Some Unconventional Thoughts about Pagan Conventions

Some Unconventional Thoughts about Pagan Conventions February 22, 2018

Hello, beautiful creatures. My apologies to those of you who were expecting a continuation of the Safer Sex Magic series. It’s in the works, but at the moment I’m writing this from my living room, where I’m curled up on the couch in jammies and a blanket, drinking a cup of herbal tea and sneezing periodically. That’s right, I’m sick. I mean, I could keep chalking it up to really bad allergies, like I’ve done for the past couple of days, but the reality is that I just got home from PantheaCon. My current malaise is almost certainly what’s known as con crud, the near-inevitable price for attending any large fringe-group gathering where people spend lots of time in close proximity hugging, kissing, shaking hands, and trading rhinoviruses like they were Magic: The Gathering cards.

For those of you unfamiliar with it, PantheaCon is an annual convention for what my beloved and I refer to, somewhat tongue in cheek, as “the woo community.” For 24 years now, Pagans, polytheists, occultists, and other such folks have gathered at a business hotel/conference center in the San Francisco Bay Area to attend workshops, listen to discussions, take classes, participate in rituals, and drink like fish. It’s a time to reconnect with old friends, meet new ones, have profound experiences, learn new ideas and practices, and get some serious shopping done1. It can be a marvelous time, even with the health risks (and the occasional hygiene violations), and I certainly had my share of fun over the weekend. During a rare quiet moment on Saturday, though, I took some time to reflect not only on my experience of the convention I was in the midst of attending, but on the “big gathering” model of community and communal engagement in general.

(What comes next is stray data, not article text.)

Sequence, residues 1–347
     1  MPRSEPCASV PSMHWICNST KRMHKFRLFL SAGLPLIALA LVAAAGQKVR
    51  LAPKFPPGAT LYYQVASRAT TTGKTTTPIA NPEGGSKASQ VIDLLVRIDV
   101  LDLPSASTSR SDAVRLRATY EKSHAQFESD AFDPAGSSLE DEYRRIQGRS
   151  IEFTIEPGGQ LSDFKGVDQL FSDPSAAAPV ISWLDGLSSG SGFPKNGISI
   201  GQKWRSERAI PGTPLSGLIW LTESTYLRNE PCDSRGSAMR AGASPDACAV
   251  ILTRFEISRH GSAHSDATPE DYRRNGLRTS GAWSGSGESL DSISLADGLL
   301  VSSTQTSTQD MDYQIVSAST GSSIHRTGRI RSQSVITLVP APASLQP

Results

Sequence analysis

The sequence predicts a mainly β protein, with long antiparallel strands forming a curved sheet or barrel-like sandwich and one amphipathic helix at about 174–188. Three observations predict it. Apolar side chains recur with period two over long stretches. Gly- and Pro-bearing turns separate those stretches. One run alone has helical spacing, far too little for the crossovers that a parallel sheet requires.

Even leaving aside the countless regional Pagan Pride Day festivals, there are an awful lot of conventions, conferences, and festivals geared towards a general “woo community” audience: PantheaCon, Pagan Spirit Gathering, Convocation, and Mystic South, just to name a few. Additionally, there are quite a few more which cater to specific subsets of woo, such as Hexenfest and NOTOCON. Don’t forget to factor in all the gatherings that aren’t specifically Pagan/polytheist/occult/magical in nature, but have significant overlap in their communal makeup, and often have programming relevant to our interests: FaerieWorlds, FaerieCon, SCA events, Renaissance Faires, and—I am reliably informed—every bellydance festival ever.

When you tot that all up, it works out to a non-trivial number of big gatherings, all of which tend to have some things in common… other than the drinking, shopping, and occasional bouts of B.O., that is. This isn’t really surprising, given that most of these events are loosely built around the model of the science fiction convention, that remarkably enduring adaptation and mutation of the stodgiest of all possible gatherings, the professional conference.

You can dress it up in business wear, a gothy peasant blouse, or a Star Trek uniform, but at the end of the day, a two-hour presentation is still 90 minutes of PowerPoint that you’re never getting back. (Photo by The Climate Reality Project on Unsplash.)
I’m far from being a newbie at con-going, within and without the woo community, but this may have been the first time I stopped to consider the question of how this model serves us, as a community. For a measured space of time—a weekend, maybe a whole week on rare occasions—we retreat from the “mundane world” into an alternate reality of hotel rooms (or tents, if you’re the outdoorsy type) and vending spaces and hospitality suites. It’s a temporally-limited pocket dimension in which the world as we know it is made up of People Like Us. I know from personal experience that it’s entirely possible to spend the entire weekend of a con without seeing a single person who isn’t some flavor of woo… apart from the service staff necessary to maintain the illusion, that is.